The previous year, Loewenstein had suffered a major haemorrhage and decided to bow out. "I could not see the Rolling Stones being able to manage more than one or two more tours of the magnitude of their previous global circumnavigations," he said.

He was never tempted by the rock'n'roll lifestyle, a valuable asset within the Stones inner sanctum. He handled the financial fall-out from Jagger's divorce from his first wife Bianca in 1978 and his separation from his long-time partner Jerry Hall in 1999 and remained on friendly terms with the singer until A Prince Amongst Stones. This prompted Jagger to say, "Call me old fashioned, but I don't think your ex-bank manager should be discussing your financial dealings and personal information in public."

His daughter Dora collaborated with Jools Holland on the 1998 coffee table book The Rolling Stones: A Life On The Road. Both his sons became priests.

PIERRE PERRONE

Rupert Louis Ferdinand Frederick Constantine Lofredo Leopold Herbert Maximilian Hubert John Henry zu Loewenstein-Wertheim-Freudenberg, banker and business manager: born Palma, Majorca 24 August 1933; married 1957 Josephine Lowry-Corry (two sons, one daughter); died Richmond 20 May 2014.

Start your day with The Independent, sign up for daily news emails
PROMOTED VIDEO
Have you tried new the Independent Digital Edition apps?
ebooks
ebooksA year of political gossip, levity and intrigue from the sharpest pen in Westminster
Latest stories from i100
Have you tried new the Independent Digital Edition apps?
Independent Dating
and  

By clicking 'Search' you
are agreeing to our
Terms of Use.

iJobs Job Widget
iJobs General

Recruitment Genius: Account Manager

£20000 - £35000 per annum: Recruitment Genius: This full service social media ...

Recruitment Genius: Data Analyst - Online Marketing

£24000 - £35000 per annum: Recruitment Genius: We are 'Changemakers in retail'...

Austen Lloyd: Senior Residential Conveyancer

Very Competitive: Austen Lloyd: Senior Conveyancer - South West We are see...

Austen Lloyd: Residential / Commercial Property Solicitor

Excellent Salary: Austen Lloyd: DORSET MARKET TOWN - SENIOR PROPERTY SOLICITOR...

Day In a Page

Isis in Iraq: Yazidi girls killing themselves to escape rape and imprisonment by militants

'Jilan killed herself in the bathroom. She cut her wrists and hanged herself'

Yazidi girls killing themselves to escape rape and imprisonment
Ed Balls interview: 'If I think about the deficit when I'm playing the piano, it all goes wrong'

Ed Balls interview

'If I think about the deficit when I'm playing the piano, it all goes wrong'
He's behind you, dude!

US stars in UK panto

From David Hasselhoff to Jerry Hall
Grace Dent's Christmas Quiz: What are you – a festive curmudgeon or top of the tree?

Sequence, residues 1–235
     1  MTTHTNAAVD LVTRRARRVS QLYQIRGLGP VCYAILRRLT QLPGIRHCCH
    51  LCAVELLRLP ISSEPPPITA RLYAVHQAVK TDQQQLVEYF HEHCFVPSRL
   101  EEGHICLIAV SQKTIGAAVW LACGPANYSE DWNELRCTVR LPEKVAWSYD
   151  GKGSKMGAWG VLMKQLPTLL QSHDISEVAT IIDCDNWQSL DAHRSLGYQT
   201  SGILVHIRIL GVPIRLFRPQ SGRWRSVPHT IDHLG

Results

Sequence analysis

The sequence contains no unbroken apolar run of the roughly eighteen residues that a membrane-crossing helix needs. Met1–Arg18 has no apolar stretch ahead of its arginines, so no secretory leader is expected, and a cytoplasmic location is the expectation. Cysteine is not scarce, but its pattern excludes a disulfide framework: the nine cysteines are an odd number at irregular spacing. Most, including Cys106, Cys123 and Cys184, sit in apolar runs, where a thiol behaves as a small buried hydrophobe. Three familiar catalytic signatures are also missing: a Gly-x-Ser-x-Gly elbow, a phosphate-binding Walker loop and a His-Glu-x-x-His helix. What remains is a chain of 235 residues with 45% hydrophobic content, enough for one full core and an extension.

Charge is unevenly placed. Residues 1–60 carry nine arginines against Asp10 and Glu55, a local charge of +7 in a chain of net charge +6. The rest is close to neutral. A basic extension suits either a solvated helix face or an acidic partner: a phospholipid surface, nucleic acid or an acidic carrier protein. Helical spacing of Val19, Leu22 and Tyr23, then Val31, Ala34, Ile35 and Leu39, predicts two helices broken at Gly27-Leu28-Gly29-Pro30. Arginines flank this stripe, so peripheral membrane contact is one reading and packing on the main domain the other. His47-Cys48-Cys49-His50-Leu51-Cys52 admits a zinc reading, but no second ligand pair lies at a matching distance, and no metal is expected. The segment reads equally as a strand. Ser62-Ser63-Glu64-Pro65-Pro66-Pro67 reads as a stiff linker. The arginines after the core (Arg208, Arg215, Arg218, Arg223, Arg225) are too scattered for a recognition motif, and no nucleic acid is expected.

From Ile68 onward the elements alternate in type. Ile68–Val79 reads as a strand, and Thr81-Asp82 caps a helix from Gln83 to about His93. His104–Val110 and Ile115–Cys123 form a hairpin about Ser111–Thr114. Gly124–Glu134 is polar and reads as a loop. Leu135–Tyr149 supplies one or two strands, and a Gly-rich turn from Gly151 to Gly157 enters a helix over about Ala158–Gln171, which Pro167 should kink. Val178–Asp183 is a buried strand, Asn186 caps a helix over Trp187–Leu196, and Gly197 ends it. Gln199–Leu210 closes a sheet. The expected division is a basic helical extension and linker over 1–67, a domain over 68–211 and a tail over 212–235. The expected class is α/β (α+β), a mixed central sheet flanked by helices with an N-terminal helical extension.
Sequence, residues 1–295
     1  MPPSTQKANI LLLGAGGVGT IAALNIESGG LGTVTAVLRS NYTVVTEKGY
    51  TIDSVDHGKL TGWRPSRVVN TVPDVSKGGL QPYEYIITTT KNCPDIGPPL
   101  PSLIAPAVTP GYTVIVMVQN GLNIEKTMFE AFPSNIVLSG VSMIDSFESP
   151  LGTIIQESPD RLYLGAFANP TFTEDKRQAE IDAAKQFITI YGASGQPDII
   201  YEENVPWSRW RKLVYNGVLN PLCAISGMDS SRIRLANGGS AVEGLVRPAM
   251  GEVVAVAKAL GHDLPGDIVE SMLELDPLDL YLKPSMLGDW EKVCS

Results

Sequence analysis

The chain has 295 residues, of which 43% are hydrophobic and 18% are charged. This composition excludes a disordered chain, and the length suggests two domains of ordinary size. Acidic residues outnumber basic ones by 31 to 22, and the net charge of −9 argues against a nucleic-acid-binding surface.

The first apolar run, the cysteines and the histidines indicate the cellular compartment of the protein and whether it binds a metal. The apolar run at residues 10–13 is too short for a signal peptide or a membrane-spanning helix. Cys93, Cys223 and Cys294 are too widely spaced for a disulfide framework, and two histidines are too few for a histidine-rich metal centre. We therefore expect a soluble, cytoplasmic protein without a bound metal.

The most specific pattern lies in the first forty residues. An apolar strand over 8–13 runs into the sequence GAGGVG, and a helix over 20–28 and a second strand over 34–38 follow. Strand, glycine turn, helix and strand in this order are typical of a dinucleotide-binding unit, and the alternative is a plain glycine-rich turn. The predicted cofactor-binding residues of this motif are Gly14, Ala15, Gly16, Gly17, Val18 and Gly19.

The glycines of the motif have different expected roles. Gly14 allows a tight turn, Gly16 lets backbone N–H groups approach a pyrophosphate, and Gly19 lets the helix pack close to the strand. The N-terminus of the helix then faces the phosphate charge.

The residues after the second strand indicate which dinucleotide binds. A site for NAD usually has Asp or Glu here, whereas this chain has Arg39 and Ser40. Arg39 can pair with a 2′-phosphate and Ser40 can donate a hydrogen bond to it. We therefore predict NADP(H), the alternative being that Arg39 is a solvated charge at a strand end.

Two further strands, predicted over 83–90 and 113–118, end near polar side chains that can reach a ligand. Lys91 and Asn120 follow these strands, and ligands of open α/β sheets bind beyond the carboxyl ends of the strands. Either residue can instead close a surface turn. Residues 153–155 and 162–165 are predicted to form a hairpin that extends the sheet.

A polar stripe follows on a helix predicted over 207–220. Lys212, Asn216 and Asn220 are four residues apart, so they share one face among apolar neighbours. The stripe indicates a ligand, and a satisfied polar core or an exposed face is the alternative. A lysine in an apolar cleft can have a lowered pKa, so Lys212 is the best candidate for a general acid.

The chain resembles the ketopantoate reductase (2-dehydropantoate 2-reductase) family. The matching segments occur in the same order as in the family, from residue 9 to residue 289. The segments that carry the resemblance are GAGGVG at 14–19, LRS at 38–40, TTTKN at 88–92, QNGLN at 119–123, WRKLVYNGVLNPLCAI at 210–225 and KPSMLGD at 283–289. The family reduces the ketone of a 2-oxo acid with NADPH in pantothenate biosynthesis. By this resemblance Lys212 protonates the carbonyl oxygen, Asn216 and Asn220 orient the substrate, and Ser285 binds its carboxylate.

Grace Dent's Christmas Quiz

What are you – a festive curmudgeon or top of the tree?
Nasa planning to build cloud cities in airships above Venus

Nasa planning to build cloud cities in airships above Venus

Planet’s surface is inhospitable to humans but 30 miles above it is almost perfect
Surrounded by high-rise flats is a little house filled with Lebanon’s history - clocks, rifles, frogmen’s uniforms and colonial helmets

Clocks, rifles, swords, frogmen’s uniforms

Surrounded by high-rise flats is a little house filled with Lebanon’s history
Return to Gaza: Four months on, the wounds left by Israel's bombardment have not yet healed

Four months after the bombardment, Gaza’s wounds are yet to heal

Kim Sengupta is reunited with a man whose plight mirrors the suffering of the Palestinian people
Gastric surgery: Is it really the answer to the UK's obesity epidemic?

Is gastric surgery really the answer to the UK's obesity epidemic?

Critics argue that it’s crazy to operate on healthy people just to stop them eating
Homeless Veterans appeal: Christmas charity auction Part 2 - now LIVE

Homeless Veterans appeal: Christmas charity auction

Bid on original art, or trips of a lifetime to Africa or the 'Corrie' set, and help Homeless Veterans
Pantomime rings the changes to welcome autistic theatre-goers

Autism-friendly theatre

Pantomime leads the pack in quest to welcome all
The week Hollywood got scared and had to grow up a bit

The week Hollywood got scared and had to grow up a bit

Sony suffered a chorus of disapproval after it withdrew 'The Interview', but it's not too late for it to take a stand, says Joan Smith
From Widow Twankey to Mother Goose, how do the men who play panto dames get themselves ready for the performance of a lifetime?

Panto dames: before and after

From Widow Twankey to Mother Goose, how do the men who play panto dames get themselves ready for the performance of a lifetime?
Thirties murder mystery novel is surprise runaway Christmas hit

Thirties murder mystery novel is surprise runaway Christmas hit

Booksellers say readers are turning away from dark modern thrillers and back to the golden age of crime writing
Anne-Marie Huby: 'Charities deserve the best,' says founder of JustGiving

Anne-Marie Huby: 'Charities deserve the best'

Ten million of us have used the JustGiving website to donate to good causes. Its co-founder says that being dynamic is as important as being kind
The botanist who hunts for giant trees at Kew Gardens

The man who hunts giants

A Kew Gardens botanist has found 25 new large tree species - and he's sure there are more out there